Attempts to bring about political dialogue started as early as May 2016, through an initiative facilitated by three former presidents from the Dominican Republic, Panama and Spain, under the auspices of the Union of South American Nations (UNASUR).
Despite some initial progress, no concrete agreements were reached through this initiative, which was suspended by the beginning of 2017.
By mid-2017 there were efforts to resume dialogue and formal talks began in September, hosted by the Dominican Republic and with international accompaniment. Talks ended without agreement on February 2018. One of the major areas of disagreement was the electoral calendar and guarantees to ensure free, transparent and credible elections.
Subsequently, the Government went ahead with presidential elections in May 2018. President Nicolás Maduro was declared the winner over two other candidates. Most of the opposition did not participate in the elections or recognize the results.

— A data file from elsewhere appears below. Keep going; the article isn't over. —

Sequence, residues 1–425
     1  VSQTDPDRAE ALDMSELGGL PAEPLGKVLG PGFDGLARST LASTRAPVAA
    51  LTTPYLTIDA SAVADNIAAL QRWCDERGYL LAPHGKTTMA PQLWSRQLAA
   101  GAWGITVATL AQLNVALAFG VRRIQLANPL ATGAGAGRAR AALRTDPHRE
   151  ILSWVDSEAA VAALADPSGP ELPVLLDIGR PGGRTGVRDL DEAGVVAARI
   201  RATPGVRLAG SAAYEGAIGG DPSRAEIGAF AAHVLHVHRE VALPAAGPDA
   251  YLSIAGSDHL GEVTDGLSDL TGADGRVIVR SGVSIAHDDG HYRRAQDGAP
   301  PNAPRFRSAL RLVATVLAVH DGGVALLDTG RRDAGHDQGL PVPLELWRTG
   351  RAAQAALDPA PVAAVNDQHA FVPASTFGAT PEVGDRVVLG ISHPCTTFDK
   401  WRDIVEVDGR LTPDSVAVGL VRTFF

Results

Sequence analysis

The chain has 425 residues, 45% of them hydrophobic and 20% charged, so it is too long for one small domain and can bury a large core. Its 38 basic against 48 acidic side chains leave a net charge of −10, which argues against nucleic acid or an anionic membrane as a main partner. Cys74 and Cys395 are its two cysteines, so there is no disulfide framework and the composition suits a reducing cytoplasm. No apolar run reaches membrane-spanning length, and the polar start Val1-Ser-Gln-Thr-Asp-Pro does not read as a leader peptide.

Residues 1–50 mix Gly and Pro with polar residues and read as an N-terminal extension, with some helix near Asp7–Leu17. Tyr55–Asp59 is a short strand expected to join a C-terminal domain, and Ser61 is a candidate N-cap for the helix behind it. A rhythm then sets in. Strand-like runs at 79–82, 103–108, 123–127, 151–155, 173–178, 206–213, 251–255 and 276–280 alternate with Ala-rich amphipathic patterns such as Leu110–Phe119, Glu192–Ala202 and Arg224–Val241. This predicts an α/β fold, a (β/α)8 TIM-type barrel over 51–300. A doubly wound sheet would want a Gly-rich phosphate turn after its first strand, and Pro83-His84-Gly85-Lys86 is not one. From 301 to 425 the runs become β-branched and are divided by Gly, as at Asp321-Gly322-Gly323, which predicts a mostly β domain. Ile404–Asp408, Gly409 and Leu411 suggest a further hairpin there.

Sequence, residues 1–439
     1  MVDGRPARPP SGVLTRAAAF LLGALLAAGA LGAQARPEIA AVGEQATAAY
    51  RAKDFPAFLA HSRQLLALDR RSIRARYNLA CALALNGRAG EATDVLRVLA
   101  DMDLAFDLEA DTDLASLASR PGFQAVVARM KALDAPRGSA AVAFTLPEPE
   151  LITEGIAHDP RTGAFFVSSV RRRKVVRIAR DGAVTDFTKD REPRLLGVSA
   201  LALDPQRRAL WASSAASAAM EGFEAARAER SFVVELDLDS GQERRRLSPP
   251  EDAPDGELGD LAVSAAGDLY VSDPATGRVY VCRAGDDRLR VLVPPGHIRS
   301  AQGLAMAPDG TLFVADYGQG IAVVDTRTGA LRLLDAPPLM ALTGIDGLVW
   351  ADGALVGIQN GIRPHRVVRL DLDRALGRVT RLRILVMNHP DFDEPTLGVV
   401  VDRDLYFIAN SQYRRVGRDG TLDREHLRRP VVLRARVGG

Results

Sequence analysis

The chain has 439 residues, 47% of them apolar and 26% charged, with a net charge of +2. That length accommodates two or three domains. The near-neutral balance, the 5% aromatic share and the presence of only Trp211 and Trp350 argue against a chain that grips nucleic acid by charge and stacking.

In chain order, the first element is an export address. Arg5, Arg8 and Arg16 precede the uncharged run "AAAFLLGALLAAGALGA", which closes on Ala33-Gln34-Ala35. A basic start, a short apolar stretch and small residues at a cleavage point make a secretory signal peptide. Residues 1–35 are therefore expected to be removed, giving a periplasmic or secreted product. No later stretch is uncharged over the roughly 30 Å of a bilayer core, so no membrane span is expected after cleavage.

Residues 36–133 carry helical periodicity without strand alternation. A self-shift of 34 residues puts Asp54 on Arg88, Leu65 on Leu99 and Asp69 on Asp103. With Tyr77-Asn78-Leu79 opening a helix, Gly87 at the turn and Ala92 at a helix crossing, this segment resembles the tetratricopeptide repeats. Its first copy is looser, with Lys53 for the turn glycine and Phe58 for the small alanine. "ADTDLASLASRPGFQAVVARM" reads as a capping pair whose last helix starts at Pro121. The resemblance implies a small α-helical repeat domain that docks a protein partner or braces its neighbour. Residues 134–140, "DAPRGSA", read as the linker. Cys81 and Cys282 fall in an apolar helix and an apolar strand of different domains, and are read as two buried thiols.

On 10 January, Nicolás Maduro was sworn in as President for a second six-year term.
On 23 January, large scale opposition protests culminated with Juan Guaidó, president of the opposition-led National Assembly, announcing that he did not recognize President Maduro or his Government. Mr. Guaidó proclaimed himself interim President, pledging to form a transitional government and call for elections.
While the protests were largely peaceful, there were incidents of violence. The Secretary-General has expressed strong concern over reports of casualties among demonstrators and has called for a transparent and independent investigation of these incidents.
According to the Office of the UN High Commissioner for Human Rights, credible local sources have reported that at least 20 people have died in the unrest. Many more have reportedly been injured and detained in violent incidents.